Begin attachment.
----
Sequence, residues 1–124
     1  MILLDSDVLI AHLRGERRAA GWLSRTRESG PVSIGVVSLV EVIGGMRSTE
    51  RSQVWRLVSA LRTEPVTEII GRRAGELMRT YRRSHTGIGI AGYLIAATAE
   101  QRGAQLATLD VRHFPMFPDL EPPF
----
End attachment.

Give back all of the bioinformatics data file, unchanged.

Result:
Sequence, residues 1–124
     1  MILLDSDVLI AHLRGERRAA GWLSRTRESG PVSIGVVSLV EVIGGMRSTE
    51  RSQVWRLVSA LRTEPVTEII GRRAGELMRT YRRSHTGIGI AGYLIAATAE
   101  QRGAQLATLD VRHFPMFPDL EPPF